William Henry McCarty - better known by his pseudonym ‘Billy the Kid’ - is one of the most infamous of all the ‘people’s bandits’ - as Eric Hobsbawm termed them - who were common on the American frontier in the mid-late nineteenth century. Billy was little different to any other but had the good fortune to become well-known shortly before he was shot dead by Pat Garrett due to New Mexico’s governor Lew Wallace placing a bounty on his head in 1881.
One of the lesser-known things about McCarty is that one of those who knew him - Charles Siringo - wrote about an incident recounted to him by McCarty involving a jew named Morris Bernstein. (1)
Bernstein - a largely forgotten individual in history notable only because of who (may have) killed him - was an Ashkenazi jew originally from Germany or England depending on who you believe. He was – typically - an accountant by trade and worked for James Dolan who was one of the leaders of one side of what would be later termed the Lincoln County War. (2)
After leaving the employ of Dolan: Bernstein had begun writing anonymous newspaper articles (under the name ‘Soapweed’) that were highly critical of his former employer. However he had stupidly been sending these through the postal service that was controlled by Dolan: resulting in his authorship of the articles in question being discovered. (3)
Bernstein happened to be at Dr. Blazer’s Mill when McCarty (who was one of hired guns of the anti-Dolan camp) and ten others encountered Buckshot Roberts (one of Dolan’s hired guns) who almost killed McCarty in the resultant fierce gun battle. This battle resulted in Bernstein - who also happened to be there (but was on neither side) - being shot four times and killed. (4)
Now while Buckshot Roberts may have been there to kill Bernstein for attacking Dolan in print, there is no evidence per se to say that Roberts actually killed Bernstein: simply supposition and looking for a complex explanation when a simpler (less assumption driven) one is presents itself. That simpler explanation is simply to take McCarty’s (albeit second hand) (5) word for the fact that he killed Bernstein as well as why he killed him.
To quote Siringo:
‘On the 5th day of August, “Billy the Kid” and gang rode up in plain view of the Mescalero Indian Agency and began rounding up a band of horses.
A Jew by the name of Bernstein, mounted a horse and said he would go out and stop them. He was warned of the danger, but persisted in his purpose of preventing the stealing of their band of gentle saddle horses.
When Mr. Bernstein rode up to the gang and told them to “vamoose,” in other words, to hit the road, the “Kid” drew his rifle and shot the poor Jew dead. This was the “Kid’s” most cowardly act. His excuse was that he “didn’t like a Jew, nohow.”’ (6)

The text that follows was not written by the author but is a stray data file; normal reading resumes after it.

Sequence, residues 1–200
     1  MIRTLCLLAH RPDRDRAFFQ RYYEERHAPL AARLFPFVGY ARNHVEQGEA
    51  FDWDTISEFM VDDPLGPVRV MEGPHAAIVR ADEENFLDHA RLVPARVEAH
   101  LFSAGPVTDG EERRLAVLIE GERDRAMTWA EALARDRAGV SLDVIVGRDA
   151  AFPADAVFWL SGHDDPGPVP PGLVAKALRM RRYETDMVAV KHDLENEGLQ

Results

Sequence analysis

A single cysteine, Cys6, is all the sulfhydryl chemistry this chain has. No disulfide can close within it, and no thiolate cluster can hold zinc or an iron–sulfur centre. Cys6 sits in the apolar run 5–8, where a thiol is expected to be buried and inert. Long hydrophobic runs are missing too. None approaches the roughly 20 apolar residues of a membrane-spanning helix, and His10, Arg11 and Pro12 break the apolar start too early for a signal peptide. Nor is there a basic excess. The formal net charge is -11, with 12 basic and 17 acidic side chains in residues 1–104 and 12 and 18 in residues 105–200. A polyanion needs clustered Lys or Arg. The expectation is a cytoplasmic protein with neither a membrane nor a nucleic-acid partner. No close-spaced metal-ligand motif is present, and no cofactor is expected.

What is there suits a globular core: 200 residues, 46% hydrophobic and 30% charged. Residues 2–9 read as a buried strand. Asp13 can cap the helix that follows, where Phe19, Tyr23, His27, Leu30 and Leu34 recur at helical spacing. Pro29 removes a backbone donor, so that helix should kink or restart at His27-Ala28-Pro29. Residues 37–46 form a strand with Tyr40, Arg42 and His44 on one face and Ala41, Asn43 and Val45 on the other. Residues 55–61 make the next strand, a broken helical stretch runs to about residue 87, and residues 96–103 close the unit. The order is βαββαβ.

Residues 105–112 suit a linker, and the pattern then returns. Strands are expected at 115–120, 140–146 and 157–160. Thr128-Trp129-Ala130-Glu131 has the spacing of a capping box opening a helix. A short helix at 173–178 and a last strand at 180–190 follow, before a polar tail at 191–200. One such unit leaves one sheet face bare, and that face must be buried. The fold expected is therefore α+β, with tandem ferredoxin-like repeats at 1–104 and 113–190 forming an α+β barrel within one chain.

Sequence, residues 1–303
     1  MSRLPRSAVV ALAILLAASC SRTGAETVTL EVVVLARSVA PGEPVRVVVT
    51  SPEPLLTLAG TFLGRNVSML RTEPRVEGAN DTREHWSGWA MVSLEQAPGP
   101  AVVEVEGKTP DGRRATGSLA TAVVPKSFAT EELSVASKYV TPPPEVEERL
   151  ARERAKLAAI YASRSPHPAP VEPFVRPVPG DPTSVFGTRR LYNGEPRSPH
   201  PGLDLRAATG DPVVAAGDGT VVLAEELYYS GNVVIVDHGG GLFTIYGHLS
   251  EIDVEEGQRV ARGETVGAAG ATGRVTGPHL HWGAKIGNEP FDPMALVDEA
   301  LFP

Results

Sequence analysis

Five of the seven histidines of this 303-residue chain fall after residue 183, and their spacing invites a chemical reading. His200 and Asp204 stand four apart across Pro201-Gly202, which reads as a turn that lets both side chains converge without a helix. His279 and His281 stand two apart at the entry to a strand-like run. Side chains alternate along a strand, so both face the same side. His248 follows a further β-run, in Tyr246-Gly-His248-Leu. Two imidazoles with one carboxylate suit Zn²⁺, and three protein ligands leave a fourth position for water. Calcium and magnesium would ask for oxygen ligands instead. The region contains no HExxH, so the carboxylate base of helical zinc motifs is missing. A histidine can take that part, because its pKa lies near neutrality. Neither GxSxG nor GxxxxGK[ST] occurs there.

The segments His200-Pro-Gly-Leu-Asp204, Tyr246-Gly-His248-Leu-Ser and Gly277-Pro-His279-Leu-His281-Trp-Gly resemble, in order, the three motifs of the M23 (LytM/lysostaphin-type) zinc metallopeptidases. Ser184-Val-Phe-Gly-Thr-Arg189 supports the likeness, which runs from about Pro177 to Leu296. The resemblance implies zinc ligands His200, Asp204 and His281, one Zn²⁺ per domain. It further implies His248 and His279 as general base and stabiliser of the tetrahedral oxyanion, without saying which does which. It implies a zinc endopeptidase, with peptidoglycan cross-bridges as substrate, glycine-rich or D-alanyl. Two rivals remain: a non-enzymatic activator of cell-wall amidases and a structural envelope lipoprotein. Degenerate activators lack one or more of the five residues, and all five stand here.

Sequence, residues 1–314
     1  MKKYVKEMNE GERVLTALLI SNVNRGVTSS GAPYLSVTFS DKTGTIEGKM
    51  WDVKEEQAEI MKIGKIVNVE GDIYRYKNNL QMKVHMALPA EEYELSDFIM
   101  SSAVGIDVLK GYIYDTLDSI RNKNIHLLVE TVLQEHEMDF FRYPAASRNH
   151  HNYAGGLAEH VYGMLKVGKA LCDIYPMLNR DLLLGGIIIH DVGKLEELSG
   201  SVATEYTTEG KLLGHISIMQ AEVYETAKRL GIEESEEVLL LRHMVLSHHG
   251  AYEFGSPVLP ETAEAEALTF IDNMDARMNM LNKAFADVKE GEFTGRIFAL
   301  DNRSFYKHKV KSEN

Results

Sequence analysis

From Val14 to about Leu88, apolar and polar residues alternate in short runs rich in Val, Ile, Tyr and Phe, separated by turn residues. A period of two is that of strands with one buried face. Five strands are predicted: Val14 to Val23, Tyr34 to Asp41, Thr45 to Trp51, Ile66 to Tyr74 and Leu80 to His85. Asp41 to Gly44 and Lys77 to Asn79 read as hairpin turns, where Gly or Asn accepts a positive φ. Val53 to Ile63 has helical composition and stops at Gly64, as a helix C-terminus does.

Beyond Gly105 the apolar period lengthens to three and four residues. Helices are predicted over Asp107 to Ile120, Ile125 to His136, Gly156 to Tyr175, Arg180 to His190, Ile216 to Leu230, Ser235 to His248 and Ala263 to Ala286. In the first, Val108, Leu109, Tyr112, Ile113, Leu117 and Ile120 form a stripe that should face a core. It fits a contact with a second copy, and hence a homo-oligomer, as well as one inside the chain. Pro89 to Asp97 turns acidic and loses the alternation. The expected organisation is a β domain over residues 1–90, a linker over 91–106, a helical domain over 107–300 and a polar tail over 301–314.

Despite the fact that Siringo is often attacked for romanticizing McCarty (7) and this episode is not included in Siringo’s earlier life of McCarty. (8) This is a reasonable sequence of events if one reads slightly between the lines since Bernstein rode out to investigate what was going on at the sound of gunfire and was then shot dead. (9)
Whether he was shot dead by Atanacio Martinez (as Utley asserts) (10) or McCarty as he himself claimed: seems almost impossible to determine given the confusing and chaotic nature of a gun fight.
After all it is quite possible that McCarty did in fact shoot Bernstein, but what is more interesting is that McCarty did so - according to Siringo’s account - because he didn’t like jews. This is in all probability due to the fact that jews had already acquired a very bad reputation as swindlers on the frontier (11) and McCarty simply took the opportunity (or at least he believed he had done so) to get rid one of their number whom he loathed because of their reputation among the folk of the frontier (and quite possibly due to experiences he had dealing with them).
Thus while it is quite possible that McCarty didn’t shoot Bernstein: he certainly wanted to do so; as well as believed he had done so, and stated that he did so because he didn’t like jews.
(1) Charles Siringo, 1920, ‘History of “Billy the Kid”’, 1st Edition, Self-Published: Chicago, p. 66
(4) Robert Utley, 1991, ‘Billy the Kid: A Short and Violent Life’, 1st Edition, University of Nebraska Press: Lincoln, pp. 104-105
(5) It is worth noting that we all narratives about the life of McCarty are based on second hand witness accounts and we have little primary evidence.
(6) Siringo, ‘History of “Billy the Kid”’, Op. Cit., p. 66
(7) Utley, Op. Cit., p. 255, n. 7
(8) See Charles Siringo, 1886, ‘A Texas Cow-Boy’, 1st Edition, Siringo & Dobson: Chicago, pp. 269-284
(9) Utley, Op. Cit., p. 104
(11) Cf. Siringo, ‘A Texas Cow-Boy’, Op. Cit.; Joseph Blau, Salo Baron, 1963, ‘The Jews of the United States 1790-1840: A Documentary History’, Vol. I, 1st Edition, Columbia University Press: New York, p. 155